Check out David Zvi Kalman's contemporary midrash (Jewish legend), published in the Peoplehood Papers volume #13, in which he imagines the Jewish People standing at Sinai and receiving the Torah.
In this modern midrash, Kalman uses his imagination and knowledge of Jewish texts to create his own interpretation of one of the central collective memories of the Jewish People. In it, he imagines all kinds of details not mentioned in the Torah itself, including the idea that each Israelite received the Torah individually, a highly personal revelation during which they could not see and hear any other Israelite. In imagining the giving of the Torah in this way Kalman makes us question one of the pillars of collective Jewish memory – the idea that there was a collective revelation to the whole Jewish People. According to Kalman, though, it wasn't all an individual experience because after God spoke, God threatened to drop Mount Sinai on top of all the Jews unless they accepted the Torah. This last part is taken from a traditional midrash that appears in the Talmud, in which the Rabbis imagined that the acceptance of the Torah and its laws was not actually done through free will.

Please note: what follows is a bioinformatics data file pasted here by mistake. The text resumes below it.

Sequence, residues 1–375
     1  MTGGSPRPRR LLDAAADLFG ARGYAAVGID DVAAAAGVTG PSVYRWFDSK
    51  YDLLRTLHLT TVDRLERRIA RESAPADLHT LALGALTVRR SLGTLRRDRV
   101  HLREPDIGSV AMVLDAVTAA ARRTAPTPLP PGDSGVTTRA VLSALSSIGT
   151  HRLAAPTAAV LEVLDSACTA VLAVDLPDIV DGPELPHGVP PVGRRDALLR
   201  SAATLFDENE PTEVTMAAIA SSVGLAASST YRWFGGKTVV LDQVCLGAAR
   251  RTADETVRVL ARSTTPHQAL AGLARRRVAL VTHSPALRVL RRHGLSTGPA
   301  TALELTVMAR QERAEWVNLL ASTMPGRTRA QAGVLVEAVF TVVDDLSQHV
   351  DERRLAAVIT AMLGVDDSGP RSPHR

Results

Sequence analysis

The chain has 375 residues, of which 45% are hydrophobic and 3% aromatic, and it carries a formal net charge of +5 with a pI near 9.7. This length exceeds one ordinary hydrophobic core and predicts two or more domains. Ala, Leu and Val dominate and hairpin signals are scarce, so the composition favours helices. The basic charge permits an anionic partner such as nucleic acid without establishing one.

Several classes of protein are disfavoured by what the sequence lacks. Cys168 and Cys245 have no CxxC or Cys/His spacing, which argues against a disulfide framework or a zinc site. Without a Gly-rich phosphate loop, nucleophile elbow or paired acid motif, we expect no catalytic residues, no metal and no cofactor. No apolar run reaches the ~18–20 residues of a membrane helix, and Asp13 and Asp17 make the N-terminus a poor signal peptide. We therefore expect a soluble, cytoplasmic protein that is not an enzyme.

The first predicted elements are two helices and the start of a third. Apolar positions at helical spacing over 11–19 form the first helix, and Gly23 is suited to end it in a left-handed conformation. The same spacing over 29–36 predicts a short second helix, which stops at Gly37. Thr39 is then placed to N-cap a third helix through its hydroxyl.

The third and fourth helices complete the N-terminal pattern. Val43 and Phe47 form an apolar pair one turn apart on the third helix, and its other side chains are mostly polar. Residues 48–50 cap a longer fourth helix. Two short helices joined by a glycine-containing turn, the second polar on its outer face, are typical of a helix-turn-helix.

Ideas for the Educator – Read Chapter 19 of Exodus and then bring the contemporary midrash. Compare and contrast the stories. What is added by the midrash? What do you think is collective and what is individual about the revelation, in both of the versions? What are the ramifications of describing the giving of the Torah as a collective (or an individual) experience?